By contrast, HubSpot uses the terms “omni-channel” and “multi-channel” interchangeably, but says that both of these approaches lack cohesion and unity, where each channel has its own goals and metrics that are never consolidated with the others.
According to HubSpot’s definition, cross-channel marketing is the optimal, holistic approach.
It doesn’t matter which terms you use and how you define them. The important thing is that you acknowledge that you can’t treat each channel as a silo, where the left-hand doesn’t know what the right hand is doing.
You must have a digital content strategy that integrates all channels and metrics to create a seamless customer journey and measures ROI.
In a unified cross-channel approach, you prioritise your customer experience.
You understand your unique customer journey with its multiple touchpoints and their nonlinear structure.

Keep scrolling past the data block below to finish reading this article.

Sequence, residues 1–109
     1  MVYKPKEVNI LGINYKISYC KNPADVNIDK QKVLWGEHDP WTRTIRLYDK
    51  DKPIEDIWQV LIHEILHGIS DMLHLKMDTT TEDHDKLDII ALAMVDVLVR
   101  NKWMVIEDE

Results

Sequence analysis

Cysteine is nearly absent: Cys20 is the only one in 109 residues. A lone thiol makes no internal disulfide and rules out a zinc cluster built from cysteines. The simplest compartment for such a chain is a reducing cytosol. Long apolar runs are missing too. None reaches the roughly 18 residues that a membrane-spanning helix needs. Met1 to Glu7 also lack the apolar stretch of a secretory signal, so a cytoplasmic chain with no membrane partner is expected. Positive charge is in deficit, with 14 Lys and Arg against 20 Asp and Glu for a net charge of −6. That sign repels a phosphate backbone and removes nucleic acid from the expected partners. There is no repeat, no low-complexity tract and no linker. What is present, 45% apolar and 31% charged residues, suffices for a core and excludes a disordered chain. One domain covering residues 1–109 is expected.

Your channels work in tandem to deliver relevant, engaging and effective messaging.
Now that you have a handle on the basics of cross-channel marketing, it’s time to look at why this approach is so important and beneficial in 2020.
Benefits of multi-channel marketing
Increases customer engagement
How many times have you deleted a promotional email because it was addressed to “Dear customer”?
How about abandoning a cart because the website was not mobile friendly?
Maybe you’ve sighed frustratedly at banners advertising a product you bought 3 months ago?
A poor and fragmented cross-channel approach is not going to achieve your desired actions such as clicks, likes, shares or purchases.
Instead, it’s going to put customers off and be a waste of money.
Now imagine noticing and clicking on relevant ads, reading useful emails, and progressing through check-out on your device without a hitch.
A cross-channel digital marketing strategy allows you to increase your customer engagement by providing them with relevant, timely and personalised content.